Learning calligraphy is an incredibly satisfying endeavor that will exercise your creativity for a lifetime! In this article, we’ll go over the five simple steps to getting started. Follow the steps, and you’ll be well on your way to mastering the calligraphy style of your choice!
1. Identify What Kind of Calligraphy You Want to Learn
There are three main types of western calligraphy that you can learn. They include:
Brush pen calligraphy
You create brush pen calligraphy with a tapered marker called a brush pen.
Many calligraphy learners like to start with brush pens because they don’t seem intimidating. Brush pens give you quick, colorful results!
Pointed Pen Calligraphy
You create pointed pen calligraphy with a pen and a piece of pointy metal called a “nib”. You dip the nib into ink, then you either exert a lot or a little bit of pressure on the nib to control the width of your strokes.
Pointed pen calligraphy is known for its delicate look and pleasing stroke contrast. Some strokes are very thin, while others are thick. While pointed pen calligraphy has been around for centuries, it’s mostly used in modern times for special events.
Broad Edge Calligraphy
Broad edge calligraphy is created with a nib that ends in a blunt edge. Instead of varying the pressure that you apply on the nib to control stroke contrast, you vary the nib’s rotation.
Like pointed pen calligraphy, broad edge calligraphy has existed for many years. If you’ve ever seen old English manuscripts, you probably will recognize broad edge calligraphy on them.
2. Figure Out What Supplies You Need
When you’re learning calligraphy, it’s important to start off with high-quality supplies. Less than ideal writing tools generally translates to less than ideal success!
Here’s a list of articles you should read to find the supplies you’ll need:
- Brush pen calligraphy – Six Amazing Brush Pens for Beginners (Buy one of the pens in the article plus 32# laserjet paper.)
- Pointed pen calligraphy – The Ultimate DIY Modern Calligraphy Starter Kit
- Broad edge calligraphy – The Ultimate Blackletter Calligraphy Resource Guide (Blackletter is a type of broad edge calligraphy.)
3. Make Yourself a Curriculum
Once your supplies are on their way, it’s time to find resources and make a plan for learning calligraphy.
Brush Pen Calligraphy Curricula
In my experience, many people find brush pen calligraphy fairly easy to begin learning calligraphy with. Don’t get me wrong: it will take some practice! However, brush pens aren’t too complicated to use, especially since you really only need a brush pen and smooth paper to get started. TPK has two brush pen learning resources that will walk you through how to write:
- Brush Pen Calligraphy Worksheet + Videos: Kaitlin Style (This is a whimsical-looking calligraphy style.)
- Brush Pen Calligraphy Worksheet + Videos: Janet Style (This is a more traditional-looking calligraphy style.)
I also recommend taking a look at Pieces Calligraphy. Sharisse, the creator of Pieces, has tons of resources for learning brush pen calligraphy there!
Pointed Pen Calligraphy Curricula
There are two categories of pointed pen calligraphy: traditional and modern. Examples of traditional calligraphy include Copperplate and Spencerian. If you want to learn traditional pointed pen calligraphy, here are some fantastic resources:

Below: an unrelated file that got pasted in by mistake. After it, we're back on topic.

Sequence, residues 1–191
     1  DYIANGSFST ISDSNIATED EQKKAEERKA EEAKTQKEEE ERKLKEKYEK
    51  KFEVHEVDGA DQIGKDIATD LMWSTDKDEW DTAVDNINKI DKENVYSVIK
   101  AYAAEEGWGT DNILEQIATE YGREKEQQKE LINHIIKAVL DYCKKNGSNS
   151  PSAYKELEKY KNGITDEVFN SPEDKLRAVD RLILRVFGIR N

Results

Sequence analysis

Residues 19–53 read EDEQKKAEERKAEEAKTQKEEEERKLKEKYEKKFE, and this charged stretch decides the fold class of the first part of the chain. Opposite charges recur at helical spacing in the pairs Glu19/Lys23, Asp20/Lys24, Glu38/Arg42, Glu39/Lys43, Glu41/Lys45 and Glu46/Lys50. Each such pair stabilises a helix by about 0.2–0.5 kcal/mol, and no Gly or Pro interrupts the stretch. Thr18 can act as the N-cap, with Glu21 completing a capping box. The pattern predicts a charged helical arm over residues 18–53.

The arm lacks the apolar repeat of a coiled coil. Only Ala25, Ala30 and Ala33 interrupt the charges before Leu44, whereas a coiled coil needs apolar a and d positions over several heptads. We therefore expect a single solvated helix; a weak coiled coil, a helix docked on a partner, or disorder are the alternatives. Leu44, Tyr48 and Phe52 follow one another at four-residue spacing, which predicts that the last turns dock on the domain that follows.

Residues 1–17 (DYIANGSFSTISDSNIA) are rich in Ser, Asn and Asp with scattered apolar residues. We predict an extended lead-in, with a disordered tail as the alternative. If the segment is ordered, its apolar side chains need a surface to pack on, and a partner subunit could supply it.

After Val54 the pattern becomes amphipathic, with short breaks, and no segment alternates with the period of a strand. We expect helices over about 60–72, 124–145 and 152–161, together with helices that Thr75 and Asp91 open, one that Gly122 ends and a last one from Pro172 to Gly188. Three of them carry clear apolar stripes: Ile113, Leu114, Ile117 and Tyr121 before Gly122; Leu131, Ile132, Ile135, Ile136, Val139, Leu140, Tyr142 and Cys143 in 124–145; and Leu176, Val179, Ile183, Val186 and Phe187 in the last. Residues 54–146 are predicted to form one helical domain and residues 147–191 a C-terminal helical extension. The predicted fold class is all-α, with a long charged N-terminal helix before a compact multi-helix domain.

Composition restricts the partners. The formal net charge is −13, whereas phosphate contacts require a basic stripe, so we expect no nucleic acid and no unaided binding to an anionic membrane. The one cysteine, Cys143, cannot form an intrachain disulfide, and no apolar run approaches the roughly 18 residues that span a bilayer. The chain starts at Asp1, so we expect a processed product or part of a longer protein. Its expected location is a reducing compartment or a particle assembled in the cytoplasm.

- Mastering Copperplate Calligraphy by Eleanor Winters
- Spencerian Penmanship by Platt Rogers Spencer
- IAMPETH Website
- Script in the Copperplate Style by Dr. Joe M. Vitolo (free eBook)
My passion, on the other hand, is modern pointed pen calligraphy. “Modern calligraphy” refers to any calligraphy style that isn’t traditional. I love not having rigid rules to follow, and the fact that you can take plenty of creative license to give your pieces a cool, personal feel. For modern calligraphy, one of the very best resources out there is TPK’s own Beginner’s Modern Calligraphy Online Course.
BroadEdge Calligraphy Curricula
Like pointed pen calligraphy, you can write broad edge calligraphy in different styles. This website doesn’t have a wealth of information on learning broad edge calligraphy. That’s because I don’t have experience writing with broad edge nibs! However, when I have the time to learn, I will probably purchase one of Jake Rainis’s printable worksheets. I love the look of Fraktur, in particular!
No matter what style of calligraphy you’ve chosen to learn, you have to stick to your curriculum and practice. The most important thing is to make your practice fun! Remember, practice comes in many forms. Maybe one day, practice means filling out worksheets. The next day, however, practice could mean making a cool project!
Your calligraphy will only improve if you enjoy creating calligraphy. Do what you can to procure tools that inspire you, and try to make yourself a comfortable workspace! I love to create calligraphy in the mornings when everyone else in my house is asleep. I sit at a sunny window, put on a good podcast, and brew myself a cup of tea to make the time special. For more practice tips, see:
- 5 Ways to Sneak in Calligraphy Practice
- A Calligraphy Practice Reality Check
- How to Practice Calligraphy
5. Give Yourself Projects or Take Project Requests from Others!
Once you feel confident about the projects you’ve created for practice, consider taking your calligraphy a little more seriously. This might mean volunteering to address envelopes for a family member’s wedding, writing out place cards for a special dinner, or making miscellaneous projects.
Even after you reach an advanced skill level, every project that you tackle increases your skills! As a result, each calligraphy creation session will help you to improve and flex your creative muscle. Enjoy this new challenge, and happy writing!